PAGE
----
Superfluid Critical Extraction - This process doesn’t require any chemical solvents which is also the reason why some people prefer it. The extracts are made using carbon dioxide, which is compressed until it creates supercritical fluid. This oil then strips the essential oils from the cannabis plant in a similar way to the hydrocarbons (BHO, propane, hexane). This method is unique in a way because it uses the supercritical fluid which has the properties of liquid and gas. It enables it to dissolve the plant matter very thoroughly. In comparison to BHO, the CO2 method is easier to control and the cannabis extract contains more terpenes (up to 10 % compared to BHO which has 0.5-3.5 %). This method requires very expensive equipment which is normally found in professional laboratories.
Molecular Separation - You may have heard of high vacuum and short path distillation. These are just different names for molecular separation. This method enables you to separate the cannabinoids and terpenes from the plant and treat the molecules with minimal thermal degradation. It is because the whole process is performed in vacuum levels below 0.01 mm Hg. It allows the distillation of high boiling point products at moderate temperatures which is beneficial because the plant isn’t exposed to high temperatures for a long time. This means that there is minimal thermal degradation of the desired compounds.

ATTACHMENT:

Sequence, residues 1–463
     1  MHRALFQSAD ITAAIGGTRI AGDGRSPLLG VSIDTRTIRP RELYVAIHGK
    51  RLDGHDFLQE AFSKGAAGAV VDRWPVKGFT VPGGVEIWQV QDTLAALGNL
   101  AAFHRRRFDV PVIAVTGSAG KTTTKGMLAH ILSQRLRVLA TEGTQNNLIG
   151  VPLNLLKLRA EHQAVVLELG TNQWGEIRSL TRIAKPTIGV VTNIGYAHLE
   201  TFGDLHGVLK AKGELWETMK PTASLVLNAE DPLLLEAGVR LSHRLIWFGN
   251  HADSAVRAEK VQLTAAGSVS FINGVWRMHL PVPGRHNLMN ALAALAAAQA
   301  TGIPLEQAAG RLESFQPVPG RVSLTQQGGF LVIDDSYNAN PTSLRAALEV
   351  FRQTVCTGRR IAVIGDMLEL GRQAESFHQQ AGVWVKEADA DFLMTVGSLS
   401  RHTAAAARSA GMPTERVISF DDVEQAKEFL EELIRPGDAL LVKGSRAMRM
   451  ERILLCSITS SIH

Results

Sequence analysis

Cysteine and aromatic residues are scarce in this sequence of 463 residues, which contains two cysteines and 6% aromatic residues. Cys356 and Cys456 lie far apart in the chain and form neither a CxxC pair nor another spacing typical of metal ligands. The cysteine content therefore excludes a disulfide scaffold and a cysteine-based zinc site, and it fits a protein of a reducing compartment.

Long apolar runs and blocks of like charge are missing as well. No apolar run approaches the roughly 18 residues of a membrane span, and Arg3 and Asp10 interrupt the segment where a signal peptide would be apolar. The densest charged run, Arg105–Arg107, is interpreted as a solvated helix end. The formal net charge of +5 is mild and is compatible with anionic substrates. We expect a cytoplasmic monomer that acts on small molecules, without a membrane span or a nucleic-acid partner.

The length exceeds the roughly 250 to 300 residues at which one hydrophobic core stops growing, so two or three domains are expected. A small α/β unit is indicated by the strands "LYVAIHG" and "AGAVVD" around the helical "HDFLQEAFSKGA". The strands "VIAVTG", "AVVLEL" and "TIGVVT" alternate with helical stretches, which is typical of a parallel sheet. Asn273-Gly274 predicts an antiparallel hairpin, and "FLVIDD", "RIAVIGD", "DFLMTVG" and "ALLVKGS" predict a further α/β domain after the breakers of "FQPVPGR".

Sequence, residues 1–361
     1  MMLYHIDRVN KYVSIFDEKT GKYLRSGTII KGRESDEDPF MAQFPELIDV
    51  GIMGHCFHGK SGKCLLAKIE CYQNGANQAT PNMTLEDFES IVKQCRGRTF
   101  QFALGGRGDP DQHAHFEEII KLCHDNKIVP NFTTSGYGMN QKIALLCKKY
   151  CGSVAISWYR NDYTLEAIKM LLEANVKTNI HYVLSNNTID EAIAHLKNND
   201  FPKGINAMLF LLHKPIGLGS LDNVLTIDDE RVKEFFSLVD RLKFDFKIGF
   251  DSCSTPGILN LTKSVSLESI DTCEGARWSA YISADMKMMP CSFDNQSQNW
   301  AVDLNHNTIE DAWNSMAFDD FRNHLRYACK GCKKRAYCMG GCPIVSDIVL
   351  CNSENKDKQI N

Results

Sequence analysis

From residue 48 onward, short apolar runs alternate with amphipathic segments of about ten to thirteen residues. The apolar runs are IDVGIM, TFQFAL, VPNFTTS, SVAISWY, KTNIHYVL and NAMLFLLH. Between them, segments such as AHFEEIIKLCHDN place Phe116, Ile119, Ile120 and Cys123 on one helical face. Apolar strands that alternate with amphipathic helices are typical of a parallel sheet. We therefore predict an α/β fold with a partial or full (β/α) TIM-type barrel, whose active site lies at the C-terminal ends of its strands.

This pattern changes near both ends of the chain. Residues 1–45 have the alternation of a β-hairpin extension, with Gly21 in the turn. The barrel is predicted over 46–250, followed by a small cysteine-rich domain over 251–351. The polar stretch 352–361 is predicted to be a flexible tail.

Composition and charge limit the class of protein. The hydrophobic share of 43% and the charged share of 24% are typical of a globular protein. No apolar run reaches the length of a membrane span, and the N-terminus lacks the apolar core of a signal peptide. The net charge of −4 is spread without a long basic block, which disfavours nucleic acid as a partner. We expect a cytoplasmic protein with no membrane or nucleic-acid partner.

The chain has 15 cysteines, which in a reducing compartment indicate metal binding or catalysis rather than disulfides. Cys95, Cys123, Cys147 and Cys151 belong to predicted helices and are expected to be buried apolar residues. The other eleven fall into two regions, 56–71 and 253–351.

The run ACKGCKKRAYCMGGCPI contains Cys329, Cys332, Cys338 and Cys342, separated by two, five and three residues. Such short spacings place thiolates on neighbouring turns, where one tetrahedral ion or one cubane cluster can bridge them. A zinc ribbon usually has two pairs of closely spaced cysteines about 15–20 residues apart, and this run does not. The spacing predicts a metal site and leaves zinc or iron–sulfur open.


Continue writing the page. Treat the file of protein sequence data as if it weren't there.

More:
Tinctures - Tinctures are liquid concentrates made using alcohol extraction. Alcohol pulls out the cannabinoids and terpenes. It doesn’t require the use of heat, so it is not as dangerous as the BHO method. There is one more advantage; the tinctures can have added flavours. It is a great solution for people who don’t like the cannabis taste.
Live Resin - The live resin is one of the newest type of extract. People make it from freshly harvested cannabis plants, which are frozen immediately after harvest. This method, although still based on butane extraction, is unique because it completely reduces the “waiting time”. When you make the extracts we mentioned above, you need to dry and cure the plants prior to extraction. It can take up to 70 days. Furthermore, the terpenes are better preserved compared to using other methods. So far, this method is very rare and costly.